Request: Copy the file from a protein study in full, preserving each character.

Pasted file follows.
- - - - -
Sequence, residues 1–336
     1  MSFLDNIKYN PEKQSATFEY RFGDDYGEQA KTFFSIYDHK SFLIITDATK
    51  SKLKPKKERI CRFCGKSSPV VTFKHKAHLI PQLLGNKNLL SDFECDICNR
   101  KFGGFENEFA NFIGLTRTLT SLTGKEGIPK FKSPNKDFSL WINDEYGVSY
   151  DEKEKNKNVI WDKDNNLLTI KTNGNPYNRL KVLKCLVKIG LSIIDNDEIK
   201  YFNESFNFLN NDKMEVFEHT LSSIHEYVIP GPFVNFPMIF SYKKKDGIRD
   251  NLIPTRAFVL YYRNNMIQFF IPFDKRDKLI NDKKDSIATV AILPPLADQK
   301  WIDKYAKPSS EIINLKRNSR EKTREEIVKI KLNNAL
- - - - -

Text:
Sequence, residues 1–336
     1  MSFLDNIKYN PEKQSATFEY RFGDDYGEQA KTFFSIYDHK SFLIITDATK
    51  SKLKPKKERI CRFCGKSSPV VTFKHKAHLI PQLLGNKNLL SDFECDICNR
   101  KFGGFENEFA NFIGLTRTLT SLTGKEGIPK FKSPNKDFSL WINDEYGVSY
   151  DEKEKNKNVI WDKDNNLLTI KTNGNPYNRL KVLKCLVKIG LSIIDNDEIK
   201  YFNESFNFLN NDKMEVFEHT LSSIHEYVIP GPFVNFPMIF SYKKKDGIRD
   251  NLIPTRAFVL YYRNNMIQFF IPFDKRDKLI NDKKDSIATV AILPPLADQK
   301  WIDKYAKPSS EIINLKRNSR EKTREEIVKI KLNNAL